See this binding? Looks fairly simple right? It is, only it ain’t…
Take a look at the second photo, I placed an average sized book next to it so you can get an idea of its dimensions. As you can see the notebook is about 4 times bigger. Binding books of this size can be challenging and since commissions of the sort are not frequent I thought to make a post regarding some peculiarities one might come up with during the process.
Let me start with an anecdote first. I have had the luck to spent a year next to a great Greek binder. During one of the days at her bindery a chubby man dashed in and asked “how much?” pointing at the first binding he laid his eyes on. The binder mentioned a price and the man immediately showed a smaller one next to it and asked again. To his astonishment she replied with the same price. “But this one is smaller…” he said a bit annoyed. “Hmm… yes, you’re right…” she answered indifferently and then said a much higher price, which of course made him leave.
This small incident comes to mind often and I have been sharing it on occasion to underline that no matter the size we always apply the same techniques during the binding process. A bit bigger or a bit smaller doesn’t change a lot of things. When the book is very big or very small though the binding behaves differently and the binder must plan ahead and also find ways to overcome difficulties that may arise.
Upon accepting such a commission make sure your equipment can accommodate such a binding. It would be frustrating to find out your sewing frame isn’t large enough and probably start looking for a carpenter just after you have sawed the signatures. If you’re short on time you can always make do with a crude DIY wooden frame, as long as the threads are tight. Respectively, check your backing and finishing press, pressing boards etc.
-Use numerous sewing stations.
Above a certain size case bindings simply don’t cut it. The book’s mass will gradually detach the block from the boards. It is preferable to go for a french binding with laced in boards and saw for numerous sewing stations. The perfectionist me wanted 9 but practical me slapped him in the face and decided 7 was good enough in this case.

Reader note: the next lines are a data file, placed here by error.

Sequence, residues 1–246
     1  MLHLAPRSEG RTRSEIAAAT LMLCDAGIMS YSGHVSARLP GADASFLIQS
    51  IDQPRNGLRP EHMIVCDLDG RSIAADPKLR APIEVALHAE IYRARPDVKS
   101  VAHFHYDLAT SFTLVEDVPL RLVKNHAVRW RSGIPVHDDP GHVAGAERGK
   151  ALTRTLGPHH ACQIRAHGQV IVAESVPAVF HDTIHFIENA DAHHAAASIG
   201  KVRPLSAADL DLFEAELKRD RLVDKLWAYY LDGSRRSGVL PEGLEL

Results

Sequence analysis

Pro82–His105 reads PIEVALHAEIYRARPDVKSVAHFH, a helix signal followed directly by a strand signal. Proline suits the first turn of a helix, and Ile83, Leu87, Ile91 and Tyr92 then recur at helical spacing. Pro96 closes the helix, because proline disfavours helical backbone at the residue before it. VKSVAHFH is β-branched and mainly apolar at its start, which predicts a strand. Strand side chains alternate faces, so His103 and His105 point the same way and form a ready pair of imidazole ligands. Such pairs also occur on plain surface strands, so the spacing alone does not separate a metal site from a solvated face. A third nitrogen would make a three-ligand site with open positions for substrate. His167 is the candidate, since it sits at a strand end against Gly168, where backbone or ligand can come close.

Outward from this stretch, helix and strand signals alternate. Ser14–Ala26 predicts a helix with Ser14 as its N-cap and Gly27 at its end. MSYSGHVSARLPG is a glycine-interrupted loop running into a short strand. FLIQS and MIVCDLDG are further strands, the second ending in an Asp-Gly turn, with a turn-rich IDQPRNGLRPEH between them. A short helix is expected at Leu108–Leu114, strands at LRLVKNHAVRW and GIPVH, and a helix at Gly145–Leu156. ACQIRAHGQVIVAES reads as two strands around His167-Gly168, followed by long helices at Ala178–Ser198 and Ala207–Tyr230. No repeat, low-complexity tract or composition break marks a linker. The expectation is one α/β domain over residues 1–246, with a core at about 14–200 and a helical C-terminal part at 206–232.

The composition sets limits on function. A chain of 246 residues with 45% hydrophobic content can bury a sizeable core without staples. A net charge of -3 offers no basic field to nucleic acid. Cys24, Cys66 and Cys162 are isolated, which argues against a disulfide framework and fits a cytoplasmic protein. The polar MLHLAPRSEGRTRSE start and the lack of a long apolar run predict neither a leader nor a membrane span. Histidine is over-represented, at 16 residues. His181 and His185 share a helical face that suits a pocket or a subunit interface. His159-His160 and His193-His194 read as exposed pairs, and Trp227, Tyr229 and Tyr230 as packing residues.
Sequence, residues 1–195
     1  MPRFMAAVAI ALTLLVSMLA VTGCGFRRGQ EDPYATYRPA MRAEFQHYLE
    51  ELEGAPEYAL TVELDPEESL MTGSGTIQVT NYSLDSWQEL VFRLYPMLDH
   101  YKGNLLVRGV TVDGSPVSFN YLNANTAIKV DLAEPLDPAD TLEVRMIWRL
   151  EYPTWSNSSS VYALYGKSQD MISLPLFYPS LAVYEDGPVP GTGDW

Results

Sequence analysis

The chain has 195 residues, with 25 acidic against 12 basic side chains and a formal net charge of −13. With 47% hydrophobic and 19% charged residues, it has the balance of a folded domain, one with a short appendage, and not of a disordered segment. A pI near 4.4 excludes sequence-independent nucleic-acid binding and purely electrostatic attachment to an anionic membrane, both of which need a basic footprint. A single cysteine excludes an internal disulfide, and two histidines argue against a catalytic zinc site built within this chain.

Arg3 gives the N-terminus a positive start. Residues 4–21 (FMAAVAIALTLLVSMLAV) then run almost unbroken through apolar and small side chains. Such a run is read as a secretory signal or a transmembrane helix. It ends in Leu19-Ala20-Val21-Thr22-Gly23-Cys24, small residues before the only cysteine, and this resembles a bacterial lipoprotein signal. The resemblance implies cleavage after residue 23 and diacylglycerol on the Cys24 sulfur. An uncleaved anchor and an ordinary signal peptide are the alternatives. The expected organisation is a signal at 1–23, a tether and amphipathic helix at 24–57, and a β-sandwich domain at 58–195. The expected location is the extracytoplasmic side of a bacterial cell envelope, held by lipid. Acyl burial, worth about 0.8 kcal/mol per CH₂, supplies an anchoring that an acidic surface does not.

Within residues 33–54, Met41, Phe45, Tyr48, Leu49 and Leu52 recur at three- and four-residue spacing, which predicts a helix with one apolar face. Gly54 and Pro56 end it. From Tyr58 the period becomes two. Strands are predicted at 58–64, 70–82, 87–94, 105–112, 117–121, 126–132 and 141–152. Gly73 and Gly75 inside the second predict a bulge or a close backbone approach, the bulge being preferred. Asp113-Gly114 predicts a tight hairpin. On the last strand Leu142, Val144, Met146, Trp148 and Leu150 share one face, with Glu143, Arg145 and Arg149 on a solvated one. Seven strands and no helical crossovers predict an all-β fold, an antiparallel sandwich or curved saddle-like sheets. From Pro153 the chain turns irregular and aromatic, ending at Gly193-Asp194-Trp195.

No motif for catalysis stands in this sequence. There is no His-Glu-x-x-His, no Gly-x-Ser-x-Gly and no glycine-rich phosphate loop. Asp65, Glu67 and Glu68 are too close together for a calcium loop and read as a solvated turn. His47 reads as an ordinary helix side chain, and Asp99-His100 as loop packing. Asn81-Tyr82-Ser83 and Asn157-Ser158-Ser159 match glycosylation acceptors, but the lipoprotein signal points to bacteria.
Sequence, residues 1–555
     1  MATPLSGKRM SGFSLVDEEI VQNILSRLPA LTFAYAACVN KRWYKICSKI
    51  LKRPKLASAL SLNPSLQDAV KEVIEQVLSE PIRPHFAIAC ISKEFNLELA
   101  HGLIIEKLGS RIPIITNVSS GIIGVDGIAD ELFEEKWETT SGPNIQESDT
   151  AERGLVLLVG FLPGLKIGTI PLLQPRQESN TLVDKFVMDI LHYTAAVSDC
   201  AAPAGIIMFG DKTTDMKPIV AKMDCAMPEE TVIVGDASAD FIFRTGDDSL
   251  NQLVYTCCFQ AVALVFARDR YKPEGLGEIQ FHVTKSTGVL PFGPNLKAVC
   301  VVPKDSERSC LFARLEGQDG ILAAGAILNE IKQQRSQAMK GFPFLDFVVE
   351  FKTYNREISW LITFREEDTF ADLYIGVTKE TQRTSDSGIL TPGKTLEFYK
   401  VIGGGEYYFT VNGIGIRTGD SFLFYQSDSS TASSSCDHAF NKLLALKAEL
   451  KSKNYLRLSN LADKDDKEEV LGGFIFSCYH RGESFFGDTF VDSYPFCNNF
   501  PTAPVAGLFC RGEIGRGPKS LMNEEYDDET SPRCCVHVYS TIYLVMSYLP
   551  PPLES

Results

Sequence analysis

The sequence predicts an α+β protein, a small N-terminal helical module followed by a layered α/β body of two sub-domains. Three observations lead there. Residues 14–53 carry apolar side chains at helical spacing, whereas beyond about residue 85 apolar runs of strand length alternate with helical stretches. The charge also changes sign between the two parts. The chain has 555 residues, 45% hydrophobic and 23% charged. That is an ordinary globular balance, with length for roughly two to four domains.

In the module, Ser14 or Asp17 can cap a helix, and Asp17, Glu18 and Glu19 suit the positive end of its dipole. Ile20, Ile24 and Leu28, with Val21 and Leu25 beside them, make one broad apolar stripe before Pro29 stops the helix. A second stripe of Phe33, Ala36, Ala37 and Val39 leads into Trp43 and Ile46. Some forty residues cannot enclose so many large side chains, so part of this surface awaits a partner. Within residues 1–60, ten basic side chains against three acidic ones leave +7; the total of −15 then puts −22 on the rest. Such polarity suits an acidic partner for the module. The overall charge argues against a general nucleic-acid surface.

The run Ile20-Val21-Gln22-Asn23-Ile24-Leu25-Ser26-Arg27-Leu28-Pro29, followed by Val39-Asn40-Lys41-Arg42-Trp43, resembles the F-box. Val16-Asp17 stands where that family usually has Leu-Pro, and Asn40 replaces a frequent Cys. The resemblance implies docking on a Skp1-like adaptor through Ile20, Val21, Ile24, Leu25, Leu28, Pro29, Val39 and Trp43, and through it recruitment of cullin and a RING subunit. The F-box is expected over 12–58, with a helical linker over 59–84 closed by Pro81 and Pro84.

A book 4x times the size of an average book correspondingly leads to 4x time for the various binding stages; It usually takes me 20-40 mins to sew a book, this took an hour and a half. Sawing, backing, leather paring and dyeing afterwards were proportionally time consuming.
-Laminate your boards.
Boards warp because they absorb moisture when paper, leather or any kind of material is pasted on them. Large boards = lot of warp and thicker boards don’t really help to prevent this. The answer is laminated boards; Use 3 thin boards pasted together to accomplish the desired thickness. NOTE- the board in the middle must have its grain opposite to the other two, meaning horizontally.
I make laminated boards 80% of the time. I believe the trouble is worth it since they are much more resilient and I find them easier to work with.
If you’re going to bind a very thick book and intend to make handsewn headbands think twice about the design/pattern. I remember having spent a day and a half sewing headbands for two volumes. A 1or2 colors simple headband with a bead on the edge might be a more practical choice than a 3colored double-core french headband or a chevron headband.
-The big cover up.
Finding a leather big enough can be a problem. I waited two weeks for some leathers to arrive and the larger hide among them was full of marks, alas I had no alternatives. I decided to do a bit of cheating; Since handling such a huge surface would be quite difficult and stressful I divided the cover in segments and cut the hide in 5 pieces. Made my life a LOT easier. I “masked” the meeting points by overlaying thin leather strips lined with tooling.
-A pressing matter.
As mentioned earlier, make sure you have sizable pressing boards.
The nipping press is quite important; Large books are harder to press properly since the pressure diminishes outwards from the center. If your press can exert the needed force then no problem. However if it’s not strong enough you might be up for a nasty surprise along the way. Four-screw presses tend to exert pressure more uniformly across a surface but are also more troublesome to use. Make sure your press is up for the task or talk with a local binder to arrange use of press space during the crucial stages.
The binding weighs some 5+ kilos. There’s still the owner’s insigne to be tooled on it but it’s practically finished. Have to admit though, difficult as it may be binding such large books the feeling when handling it at the end is very rewarding.
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